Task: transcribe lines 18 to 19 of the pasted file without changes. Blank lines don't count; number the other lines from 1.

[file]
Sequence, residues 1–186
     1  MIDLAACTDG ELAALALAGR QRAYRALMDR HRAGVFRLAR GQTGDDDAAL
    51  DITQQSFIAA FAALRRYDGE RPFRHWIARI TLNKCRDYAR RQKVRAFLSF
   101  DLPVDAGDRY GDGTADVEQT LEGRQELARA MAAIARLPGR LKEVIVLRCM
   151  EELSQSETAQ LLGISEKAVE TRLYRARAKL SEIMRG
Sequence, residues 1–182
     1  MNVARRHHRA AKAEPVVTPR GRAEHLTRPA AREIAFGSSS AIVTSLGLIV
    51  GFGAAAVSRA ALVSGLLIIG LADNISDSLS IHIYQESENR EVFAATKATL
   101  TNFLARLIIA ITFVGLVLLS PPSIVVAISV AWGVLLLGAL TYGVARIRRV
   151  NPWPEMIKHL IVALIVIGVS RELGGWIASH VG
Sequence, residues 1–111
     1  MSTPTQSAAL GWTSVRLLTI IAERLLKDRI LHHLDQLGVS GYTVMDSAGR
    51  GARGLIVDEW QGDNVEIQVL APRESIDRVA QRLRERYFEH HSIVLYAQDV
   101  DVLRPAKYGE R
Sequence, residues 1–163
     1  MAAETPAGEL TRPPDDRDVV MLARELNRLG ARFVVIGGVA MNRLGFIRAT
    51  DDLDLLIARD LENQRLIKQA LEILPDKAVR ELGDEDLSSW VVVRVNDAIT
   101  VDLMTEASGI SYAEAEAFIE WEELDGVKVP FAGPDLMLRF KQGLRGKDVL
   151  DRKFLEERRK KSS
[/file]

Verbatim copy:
   101  VDLMTEASGI SYAEAEAFIE WEELDGVKVP FAGPDLMLRF KQGLRGKDVL
   151  DRKFLEERRK KSS